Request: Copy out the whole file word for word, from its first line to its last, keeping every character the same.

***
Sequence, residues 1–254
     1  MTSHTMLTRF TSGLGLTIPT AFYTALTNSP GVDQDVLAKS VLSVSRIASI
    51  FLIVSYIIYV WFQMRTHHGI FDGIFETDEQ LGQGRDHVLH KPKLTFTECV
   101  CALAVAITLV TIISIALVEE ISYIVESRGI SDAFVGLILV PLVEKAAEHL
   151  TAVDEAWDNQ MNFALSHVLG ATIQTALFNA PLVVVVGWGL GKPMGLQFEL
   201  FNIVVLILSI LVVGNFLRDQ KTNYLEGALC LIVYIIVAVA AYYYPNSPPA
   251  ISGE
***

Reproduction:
Sequence, residues 1–254
     1  MTSHTMLTRF TSGLGLTIPT AFYTALTNSP GVDQDVLAKS VLSVSRIASI
    51  FLIVSYIIYV WFQMRTHHGI FDGIFETDEQ LGQGRDHVLH KPKLTFTECV
   101  CALAVAITLV TIISIALVEE ISYIVESRGI SDAFVGLILV PLVEKAAEHL
   151  TAVDEAWDNQ MNFALSHVLG ATIQTALFNA PLVVVVGWGL GKPMGLQFEL
   201  FNIVVLILSI LVVGNFLRDQ KTNYLEGALC LIVYIIVAVA AYYYPNSPPA
   251  ISGE